The story of Nicholas Navarre is heartbreaking.
The 15-year-old Atkins High School sophomore, with many friends and a wide variety of interests — with all the enthusiasms and hopes of the average teenager — suffered greatly after his school closed down a year ago. On Feb. 12, he took his own life.
He’s not the only one to choose this way out — and others are contemplating it even now. It falls to all of us who can to do what we can to prevent further deaths of despair.
Nicholas’ parents, Bob and Ana, have been sharing his story — including with the Journal’s Lisa O’Donnell, who wrote about Nicholas on Sunday — to raise awareness about the effects of the isolation that many children have been experiencing during the pandemic. It’s a lesson every parent needs to hear.
“These are the times in their lives when there’s a transition from being dependent on parents and caregivers to independence. It’s a time where socialization and being with friends and being in a group, whether it’s part of the band or choral society or sports or the computer geeks, and identifying yourself with that group, is very important,” Andy Hagler, the executive director of the Mental Health Association in Forsyth County, told the Journal. “It’s a part of who they are. And the pandemic and its effects run counter to that.”
Fortunately, there’s help for struggling teenagers, from parents, school system authorities and others.
“There should be no student struggling in silence. In any case where we have a student who is struggling socially, emotionally, mentally, behaviorally, in any way, we’ve got systems in place to support them,” Winston-Salem/Forsyth County Schools Superintendent Tricia McManus told the Journal. “That doesn’t diminish the fact that some of our kids are having challenges, and that’s concerning to me.”
To us all.
Hagler offered suggestions to parents to help teenagers who are struggling that include setting up routines of sleeping, eating and studying — with plenty of breaks. Outside activities and visits with friends while maintaining social distancing can also be helpful.
Physical activity can be of great benefit.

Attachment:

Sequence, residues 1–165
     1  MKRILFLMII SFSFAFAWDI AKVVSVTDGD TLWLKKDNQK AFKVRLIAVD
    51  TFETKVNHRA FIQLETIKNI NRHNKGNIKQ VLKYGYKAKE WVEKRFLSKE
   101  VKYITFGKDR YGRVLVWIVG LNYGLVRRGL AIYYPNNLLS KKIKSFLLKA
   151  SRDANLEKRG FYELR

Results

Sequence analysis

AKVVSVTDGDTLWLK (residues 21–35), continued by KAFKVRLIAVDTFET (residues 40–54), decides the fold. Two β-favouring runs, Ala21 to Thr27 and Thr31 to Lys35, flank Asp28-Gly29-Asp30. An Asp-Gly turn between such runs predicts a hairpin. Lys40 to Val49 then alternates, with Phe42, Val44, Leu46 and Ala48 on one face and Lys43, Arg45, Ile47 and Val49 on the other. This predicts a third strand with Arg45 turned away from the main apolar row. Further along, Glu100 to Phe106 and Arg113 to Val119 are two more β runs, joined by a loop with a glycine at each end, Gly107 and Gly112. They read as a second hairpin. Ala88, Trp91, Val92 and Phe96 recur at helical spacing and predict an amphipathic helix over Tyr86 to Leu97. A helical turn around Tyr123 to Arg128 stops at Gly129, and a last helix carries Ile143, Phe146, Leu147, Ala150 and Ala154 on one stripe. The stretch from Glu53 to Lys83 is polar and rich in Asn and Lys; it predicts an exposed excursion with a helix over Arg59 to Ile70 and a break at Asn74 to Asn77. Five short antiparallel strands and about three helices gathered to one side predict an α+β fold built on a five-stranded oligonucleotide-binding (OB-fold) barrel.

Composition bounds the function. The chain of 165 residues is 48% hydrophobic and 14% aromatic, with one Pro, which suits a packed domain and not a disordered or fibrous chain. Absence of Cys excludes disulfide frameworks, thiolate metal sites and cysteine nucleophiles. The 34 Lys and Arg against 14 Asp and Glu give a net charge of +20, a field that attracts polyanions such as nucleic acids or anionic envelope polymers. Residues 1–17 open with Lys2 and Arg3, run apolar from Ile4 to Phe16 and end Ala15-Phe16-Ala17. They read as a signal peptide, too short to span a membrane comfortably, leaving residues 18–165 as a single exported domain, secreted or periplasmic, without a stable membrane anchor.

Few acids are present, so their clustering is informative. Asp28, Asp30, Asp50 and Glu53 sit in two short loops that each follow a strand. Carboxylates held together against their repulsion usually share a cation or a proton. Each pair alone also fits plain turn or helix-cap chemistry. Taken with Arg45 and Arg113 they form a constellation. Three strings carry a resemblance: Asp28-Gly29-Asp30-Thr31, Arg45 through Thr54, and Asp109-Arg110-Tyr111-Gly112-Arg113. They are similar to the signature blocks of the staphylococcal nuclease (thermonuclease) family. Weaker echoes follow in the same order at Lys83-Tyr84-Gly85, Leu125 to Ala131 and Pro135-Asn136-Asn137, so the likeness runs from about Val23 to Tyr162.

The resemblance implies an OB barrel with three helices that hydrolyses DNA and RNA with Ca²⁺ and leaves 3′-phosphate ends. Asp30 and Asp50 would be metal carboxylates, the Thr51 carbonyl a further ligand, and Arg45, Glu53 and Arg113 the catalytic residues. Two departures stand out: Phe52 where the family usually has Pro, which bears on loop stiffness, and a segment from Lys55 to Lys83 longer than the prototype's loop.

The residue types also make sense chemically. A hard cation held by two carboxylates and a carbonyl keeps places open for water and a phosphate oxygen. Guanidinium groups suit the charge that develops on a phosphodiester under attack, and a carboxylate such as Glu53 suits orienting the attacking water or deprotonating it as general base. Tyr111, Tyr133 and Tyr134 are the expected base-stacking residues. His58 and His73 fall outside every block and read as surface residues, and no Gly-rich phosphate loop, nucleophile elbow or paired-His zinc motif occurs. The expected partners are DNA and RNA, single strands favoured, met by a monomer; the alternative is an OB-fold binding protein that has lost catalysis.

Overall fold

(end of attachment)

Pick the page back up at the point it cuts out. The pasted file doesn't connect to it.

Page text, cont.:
Most of all, Hagler says, “Trust your instincts.” If children seem vulnerable, make an appointment with a primary care doctor.
Bob Navarre’s message to parents is this: Tell your kids this is temporary.
We’re all familiar with the intensity of teenage emotions, uninformed by the experience that comes with the span of decades. It may be hard to understand that things change and there are better days ahead.
They may need constant reminding.
They definitely need people to listen to their concerns.
It’s not just teenagers who are under emotional and mental stress at this time. Many long-term care residents have been isolated in ways that affect them physically and emotionally. The result in some cases has been deaths from what is called “failure to thrive.”
And many we would never guess, who are operating in some semblance of normalcy, are also affected emotionally by the pandemic.
We don’t begrudge the necessity of shutting down businesses and educational facilities during this crisis to starve the virus of victims — the death tally could have been much higher than it is today if government officials hadn’t taken action.
But as we learn more, if we can find safe ways to alleviate people’s suffering, we should take advantage of them.
And as vaccines become more and more available — have you scheduled your shot yet? — we can see the light at the end of the tunnel.
There are more struggles ahead before life returns to — dare we say “normal”? We’ve got a long way to go yet. But where we are now — it’s only temporary.
If you or someone you know may be considering suicide, contact the National Suicide Prevention Lifeline at 1-800-273-8255.